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  • Writer's pictureLeo Popik

Developing Your Emotional Intelligence for Effective Leadership

Emotional intelligence (EI) is the most neglected of all the essential attributes of business leaders. Emotional intelligence is an acquired skill, yet only a tiny proportion of CEOs have systems and practices to expand their EI. Leaders with high levels of emotional intelligence are self-aware, excellent listeners, and empathetic.

Some CEOs would rather spend an extra hour at the gym bulking up their arm muscles than growing their EI muscles. Others would rather spend another hour watching the news to see what’s happening in the external world than dedicate that time to connecting with what’s happening in their inner world. However, EI is a critical trait that requires time, attention, and commitment — and the most successful CEOs have high levels of it.

This article is part one of a two-part series on EI. I share why EI is an essential attribute for CEOs, explain why they generally neglect it, and emphasize why the new business environment requires reprioritizing it. The second part will focus on how leaders can expand their EI.

What Makes Emotional Intelligence the Secret Power of CEO Success?

The notion that charismatic extroverts should lead companies runs in the face of Jim Collins' findings in “Good to Great,” one of the most acclaimed studies in business. In his book, Collins demonstrates that what the most successful companies have in common is the type of leader at the helm. These CEOs exhibit what he calls Level-5 Leadership. Level 5 Leaders are soft-spoken individuals with a keen ability to listen to their teams, nurture their teams' best attributes and strengths, and earn their teams' respect.

Level 5 Leaders are the most effective at working with proactive people because proactive people don't need a leader that does all the talking. Instead, they need a leader who asks the right questions and inspires others to identify the answers and solve problems with the zeal that only those with some ownership over decisions can feel. As Wharton professor Adam Grant points out, introverted leaders are more effective in leading proactive employees, and extroverts are more effective in leading reactive individuals. Pairing an extroverted leader with a proactive team, he says, can hurt, not just hinder, the company's performance.

In “The Seven-Day Weekend,” Ricardo Semler, a Brazilian CEO, explains the method he used to build his business conglomerate from $4 million to over $200 million in annual revenue during the '80s and '90s. His book shows that for those willing to take a chance, there is a better way to run the workplace, which brings out the best in people by trusting them to make decisions.

Giving employees the power to make decisions has notable benefits:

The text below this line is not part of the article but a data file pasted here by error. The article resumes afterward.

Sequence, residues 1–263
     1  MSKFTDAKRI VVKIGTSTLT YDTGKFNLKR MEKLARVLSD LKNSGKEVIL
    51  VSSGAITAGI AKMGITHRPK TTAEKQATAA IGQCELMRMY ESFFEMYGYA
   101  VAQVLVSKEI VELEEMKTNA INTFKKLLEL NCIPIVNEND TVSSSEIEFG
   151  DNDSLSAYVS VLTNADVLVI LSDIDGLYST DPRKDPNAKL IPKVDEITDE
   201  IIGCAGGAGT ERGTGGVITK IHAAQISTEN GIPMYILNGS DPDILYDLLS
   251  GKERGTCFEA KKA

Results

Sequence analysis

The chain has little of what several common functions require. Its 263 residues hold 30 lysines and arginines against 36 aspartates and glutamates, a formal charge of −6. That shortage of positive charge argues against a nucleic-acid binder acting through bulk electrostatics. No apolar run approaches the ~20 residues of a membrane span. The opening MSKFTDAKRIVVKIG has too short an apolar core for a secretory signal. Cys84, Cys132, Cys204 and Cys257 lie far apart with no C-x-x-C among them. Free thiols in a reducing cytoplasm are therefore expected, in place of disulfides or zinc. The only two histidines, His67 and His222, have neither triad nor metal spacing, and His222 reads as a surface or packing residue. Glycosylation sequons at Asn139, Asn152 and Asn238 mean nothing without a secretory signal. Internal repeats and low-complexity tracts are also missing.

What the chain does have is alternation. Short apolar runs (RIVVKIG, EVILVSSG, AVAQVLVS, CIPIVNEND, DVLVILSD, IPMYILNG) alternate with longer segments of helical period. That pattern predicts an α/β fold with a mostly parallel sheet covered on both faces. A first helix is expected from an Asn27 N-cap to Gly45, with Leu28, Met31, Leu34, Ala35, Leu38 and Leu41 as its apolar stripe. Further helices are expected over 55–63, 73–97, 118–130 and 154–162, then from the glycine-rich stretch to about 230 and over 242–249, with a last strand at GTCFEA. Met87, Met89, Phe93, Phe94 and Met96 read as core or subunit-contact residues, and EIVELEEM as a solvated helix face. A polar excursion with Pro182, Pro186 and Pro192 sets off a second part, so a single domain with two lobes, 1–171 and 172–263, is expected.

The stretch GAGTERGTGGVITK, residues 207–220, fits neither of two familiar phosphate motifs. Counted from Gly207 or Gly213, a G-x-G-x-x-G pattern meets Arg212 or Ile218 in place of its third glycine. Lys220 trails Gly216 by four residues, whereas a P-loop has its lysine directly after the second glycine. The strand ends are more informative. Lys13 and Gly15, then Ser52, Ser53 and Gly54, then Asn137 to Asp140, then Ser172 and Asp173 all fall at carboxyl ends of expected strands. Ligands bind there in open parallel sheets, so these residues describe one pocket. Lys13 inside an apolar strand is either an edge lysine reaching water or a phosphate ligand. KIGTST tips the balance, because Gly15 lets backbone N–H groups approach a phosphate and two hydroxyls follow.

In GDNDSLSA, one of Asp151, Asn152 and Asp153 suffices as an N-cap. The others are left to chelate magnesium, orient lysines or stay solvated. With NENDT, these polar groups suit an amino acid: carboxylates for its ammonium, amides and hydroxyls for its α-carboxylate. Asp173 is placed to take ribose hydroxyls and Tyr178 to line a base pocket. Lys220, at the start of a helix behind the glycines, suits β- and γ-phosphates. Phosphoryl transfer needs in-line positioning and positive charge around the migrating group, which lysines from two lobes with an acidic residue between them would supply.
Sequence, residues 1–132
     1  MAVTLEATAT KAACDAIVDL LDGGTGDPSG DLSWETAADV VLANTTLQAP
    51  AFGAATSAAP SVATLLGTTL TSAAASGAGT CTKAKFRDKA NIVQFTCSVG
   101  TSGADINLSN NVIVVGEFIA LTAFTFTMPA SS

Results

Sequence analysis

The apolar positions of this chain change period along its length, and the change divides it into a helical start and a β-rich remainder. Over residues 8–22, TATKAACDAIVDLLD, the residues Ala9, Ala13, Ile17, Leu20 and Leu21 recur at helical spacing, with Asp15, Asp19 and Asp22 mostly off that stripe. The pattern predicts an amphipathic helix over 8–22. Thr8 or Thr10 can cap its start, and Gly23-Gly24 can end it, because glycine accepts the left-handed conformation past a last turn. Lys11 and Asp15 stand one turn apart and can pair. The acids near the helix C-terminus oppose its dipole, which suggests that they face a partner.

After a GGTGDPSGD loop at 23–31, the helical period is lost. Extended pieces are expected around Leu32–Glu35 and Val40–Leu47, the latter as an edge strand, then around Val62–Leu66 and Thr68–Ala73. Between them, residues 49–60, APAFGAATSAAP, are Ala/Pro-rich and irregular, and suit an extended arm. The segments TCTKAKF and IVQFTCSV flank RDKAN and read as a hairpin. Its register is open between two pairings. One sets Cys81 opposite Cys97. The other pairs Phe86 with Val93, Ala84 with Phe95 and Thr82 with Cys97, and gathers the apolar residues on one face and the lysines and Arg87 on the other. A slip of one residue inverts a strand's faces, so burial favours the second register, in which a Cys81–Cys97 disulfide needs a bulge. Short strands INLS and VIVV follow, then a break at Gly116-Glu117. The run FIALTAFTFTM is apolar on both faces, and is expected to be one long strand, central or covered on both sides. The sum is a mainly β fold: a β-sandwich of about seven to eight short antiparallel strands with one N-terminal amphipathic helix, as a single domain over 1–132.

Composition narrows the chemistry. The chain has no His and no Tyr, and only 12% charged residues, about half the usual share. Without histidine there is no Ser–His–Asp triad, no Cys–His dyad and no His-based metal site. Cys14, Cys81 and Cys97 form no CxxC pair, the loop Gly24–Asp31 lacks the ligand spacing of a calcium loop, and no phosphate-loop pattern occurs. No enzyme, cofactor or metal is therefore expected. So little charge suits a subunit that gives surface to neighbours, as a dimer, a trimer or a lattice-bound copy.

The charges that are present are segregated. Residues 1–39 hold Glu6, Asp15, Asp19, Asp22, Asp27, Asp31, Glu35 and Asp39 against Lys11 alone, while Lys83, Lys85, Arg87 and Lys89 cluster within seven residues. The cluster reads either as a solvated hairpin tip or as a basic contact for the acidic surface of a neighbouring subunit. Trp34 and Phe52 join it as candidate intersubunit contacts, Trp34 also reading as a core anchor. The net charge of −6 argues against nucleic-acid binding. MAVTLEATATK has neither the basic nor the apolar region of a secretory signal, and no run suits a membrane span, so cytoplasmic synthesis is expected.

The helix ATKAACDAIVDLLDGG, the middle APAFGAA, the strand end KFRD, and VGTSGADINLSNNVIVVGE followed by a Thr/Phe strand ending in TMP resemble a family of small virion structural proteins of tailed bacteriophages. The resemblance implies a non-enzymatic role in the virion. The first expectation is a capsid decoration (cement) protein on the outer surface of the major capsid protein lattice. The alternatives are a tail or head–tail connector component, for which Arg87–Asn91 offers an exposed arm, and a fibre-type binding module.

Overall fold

• Increases job and life satisfaction

  • Improves productivity and performance

  • Enhances work-life balance and wellbeing

  • Provides the space to reconnect with purpose, cultivate creativity, strengthen meaningful relationships, rest, and restore energy

  • Reduces burnout, absenteeism, and turnover

When employees have decision-making authority, they feel more motivated to act, and the most proactive individuals rise to leadership positions. Companies with proactive employees have a much higher chance of scaling than those with reactive workers. That's because companies that scale will continue to have one CEO, but the employee roster will grow. The only way to scale sustainably is for the team to be proactive and for the CEO to be an emotionally intelligent leader.

The argument for top-down leadership is that this creates faster team alignment since only one person commands the direction. The opposite is true. Team alignment is robust when people have a voice, feel heard, and understand why leaders make strategic decisions — after considering diverse perspectives. Effective leaders create team alignment by setting clear goals and giving their employees latitude to make the decisions required to meet those goals.

In this new era, EI is critical beyond organizational management. It is imperative for consumers and communities. Companies wanting to acquire customers and maintain loyalty must address human factors based on consumer and employee emotions. Consumers are asking companies to be more than just money-making machines. They expect businesses to contribute to the world. These consumer trends have led Boards of Directors to ask their CEOs to invest more money into DEI (Diversity, Equity & Inclusion). Forces beyond the control of CEOs are forcing them to understand the new business landscape.

Why have CEOs Relegated Emotional Intelligence?

Three reasons help explain the insufficient attention dedicated to EI.

1. The Educational Paradigm